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The prison as petri dish

March 23, 2020

3-minute read

Informed by his 27 years in prison, the political organizer, lawyer and late president of South Africa Nelson Mandela is known to have said: “No one truly knows a nation until one has been inside its jails. A nation should not be judged by how it treats its highest citizens, but its lowest ones.”

I considered Mandela’s words on Sunday, March 21, International Day for the Elimination of Racial Discrimination, as I wrote this column from COVID-19 self-isolation. I can see how this nation has leapt to action to protect many of its citizens from harm. I am safer from being able to listen to the advice of our health officials. But what of the so-called lowest among us?

A growing number of tenacious and caring lawyers, advocates, allies and family members of incarcerated loved ones are calling for provincial and territorial governments, as well as the federal government, to extend compassion and common sense to Canada’s incarcerated civilians, a disproportionate number of whom are Indigenous, Black or otherwise racialized, as part of their COVID-19 response.

I have joined this campaign for both humanitarian and personal reasons: my younger brother is currently incarcerated at a federal medium-security correctional institution in Ontario. Admittedly, his well-being is driving my advocacy on this issue as much as my commitment, as a human rights lawyer, to de-policing and decarceration as a method of abolition.

But we all need to realize that if my brother is safe, we will all be much safer too.

Like no other previous event, the COVID-19 outbreak is exposing the human rights crisis that is the contemporary prison. By its very nature, structure and function, the institution as we know it invalidates the supposed universality and ostensible inalienability of human rights as articulated in the Universal Declaration of Human Rights, as well as the Canadian Charter of Rights and Freedoms, along with all other quasi-constitutional federal and provincial human rights legislation.

Incarceration results in the loss and/or severe limitation of basic human rights (to free movement, expression, assembly and association, to privacy, etc.). It also dramatically restricts social, economic and political opportunities, and deprives people of human and humane contact, due to overly risk-averse and stigmatizing policies and social practices reserved specifically for those who have been incarcerated. There’s a reason the American sociologist Joshua Price describes incarceration as a kind of “social death.”

The full weight of that idea hit me in a recent conversation with my friend, the award-winning writer NourbeSe Philip, who casually referred to these “Covidian times.” To quote my brother, “prisons are simply not equipped for a crisis like this.” Inmates are confined two to a small cell, or up to 12 at a time in modest living pods. How does anyone in that situation heed the advice of the world’s leading health care professionals to practice social distancing. It’s simple: you cannot.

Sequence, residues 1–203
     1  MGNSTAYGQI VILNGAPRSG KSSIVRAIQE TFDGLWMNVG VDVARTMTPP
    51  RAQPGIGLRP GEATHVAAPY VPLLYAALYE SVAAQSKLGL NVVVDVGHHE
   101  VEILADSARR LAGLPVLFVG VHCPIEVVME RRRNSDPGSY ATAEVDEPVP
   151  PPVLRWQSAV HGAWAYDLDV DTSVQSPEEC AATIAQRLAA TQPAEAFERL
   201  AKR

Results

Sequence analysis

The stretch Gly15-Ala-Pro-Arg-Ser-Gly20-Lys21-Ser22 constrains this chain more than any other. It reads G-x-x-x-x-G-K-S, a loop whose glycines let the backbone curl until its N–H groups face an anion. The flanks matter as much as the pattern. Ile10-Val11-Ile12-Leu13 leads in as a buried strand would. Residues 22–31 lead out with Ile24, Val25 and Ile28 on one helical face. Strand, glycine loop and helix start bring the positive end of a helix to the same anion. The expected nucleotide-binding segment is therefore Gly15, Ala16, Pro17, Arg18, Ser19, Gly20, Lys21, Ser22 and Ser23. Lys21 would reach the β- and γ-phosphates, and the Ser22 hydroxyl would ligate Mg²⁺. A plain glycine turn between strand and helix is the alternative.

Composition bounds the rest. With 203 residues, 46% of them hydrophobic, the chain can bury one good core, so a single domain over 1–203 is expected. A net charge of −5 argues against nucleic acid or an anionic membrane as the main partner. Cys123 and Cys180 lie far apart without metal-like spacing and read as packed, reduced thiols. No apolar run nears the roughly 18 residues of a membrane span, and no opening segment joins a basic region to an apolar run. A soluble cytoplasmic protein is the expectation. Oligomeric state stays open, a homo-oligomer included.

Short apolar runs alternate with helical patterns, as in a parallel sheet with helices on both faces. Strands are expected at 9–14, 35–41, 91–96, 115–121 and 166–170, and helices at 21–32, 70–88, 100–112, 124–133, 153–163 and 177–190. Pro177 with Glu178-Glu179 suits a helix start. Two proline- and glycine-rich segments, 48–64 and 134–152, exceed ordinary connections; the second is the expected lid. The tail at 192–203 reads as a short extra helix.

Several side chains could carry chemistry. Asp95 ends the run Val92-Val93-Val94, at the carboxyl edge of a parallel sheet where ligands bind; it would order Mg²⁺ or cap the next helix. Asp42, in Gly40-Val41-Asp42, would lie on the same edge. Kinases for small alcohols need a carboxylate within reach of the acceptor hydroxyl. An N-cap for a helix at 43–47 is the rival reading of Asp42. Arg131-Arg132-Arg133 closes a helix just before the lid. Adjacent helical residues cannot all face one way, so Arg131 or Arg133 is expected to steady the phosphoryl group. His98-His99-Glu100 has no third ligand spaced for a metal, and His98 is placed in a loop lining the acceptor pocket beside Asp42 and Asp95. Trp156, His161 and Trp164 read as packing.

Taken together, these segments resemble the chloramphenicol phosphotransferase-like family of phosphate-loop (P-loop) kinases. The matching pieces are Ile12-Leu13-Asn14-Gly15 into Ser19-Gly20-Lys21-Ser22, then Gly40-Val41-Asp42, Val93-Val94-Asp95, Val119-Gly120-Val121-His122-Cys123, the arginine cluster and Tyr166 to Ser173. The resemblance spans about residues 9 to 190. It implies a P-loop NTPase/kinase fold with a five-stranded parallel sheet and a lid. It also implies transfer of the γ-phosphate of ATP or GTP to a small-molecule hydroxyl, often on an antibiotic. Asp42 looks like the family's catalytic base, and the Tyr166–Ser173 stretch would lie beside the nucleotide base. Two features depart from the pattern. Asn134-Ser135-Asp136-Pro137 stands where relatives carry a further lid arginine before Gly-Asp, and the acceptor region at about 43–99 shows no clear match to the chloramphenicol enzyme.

Inmates must be escorted at all times, at close distance, by a correctional officer who is leaving and re-entering the prison. Guards must keep no more than two steps from the inmates as they bring them to see visitors or take them into different parts of the prison, to access such things as programming, the kitchen, jobs, health care and even showers. Inmates are required to live, exercise, wash themselves and eat in social settings and gatherings that are now banned, or would result in a fine, in many countries under pandemic states of emergency. As you might expect, there are no compulsory facemasks in jail, even for inmates showing symptoms of COVID-19.

If we take seriously the analogy of COVID-19 as a war, then our prisons are powder kegs being carried and cared for by chain-smoking soldiers. Tens of thousands of lives are at risk, and the fight against this pandemic critically undermined, if we don’t move more aggressively to apply COVID-19 emergency containment measures to Canada’s federal and provincial prisons.

That means making sure bail court judges are only denying bail to the most extremely and demonstrably high-risk accused. It means allowing offenders serving intermittent sentences to serve the rest of their time in the community. It means quickly releasing low-risk accused and offenders.

And it means providing cellphones (if without data) to inmates to avoid the few available pay phones becoming COVID-19 transmission points—and so inmates can better keep in touch with their lawyers and the family members and loved ones that often play a pivotal role in their rehabilitation.

Though some of these measures have been adopted or are being explored in Ontario, they’re not being pursued nearly as fast the virus is spreading. The urgency is not theoretical: Toronto recently confirmed that a provincial correctional officer—notably at an institution with considerable overrepresentation of Black and Indigenous inmates—had contracted the infection. This accentuates the point that COVID-19 is not a colour-blind crisis, but a litmus test of Canadians’ commitment to racial equity as a national norm.

In sum, if immediate and dramatic action to safely depopulate Canada’s prisons isn’t taken up as part of our governments’ containment measures, our efforts to address the outbreak won’t be judged by who is left, but by who was left behind.

Anthony N. Morgan is a Toronto-based human rights lawyer, policy consultant and community educator. His column, Colour-coded Justice, appears regularly in the CCPA Monitor.

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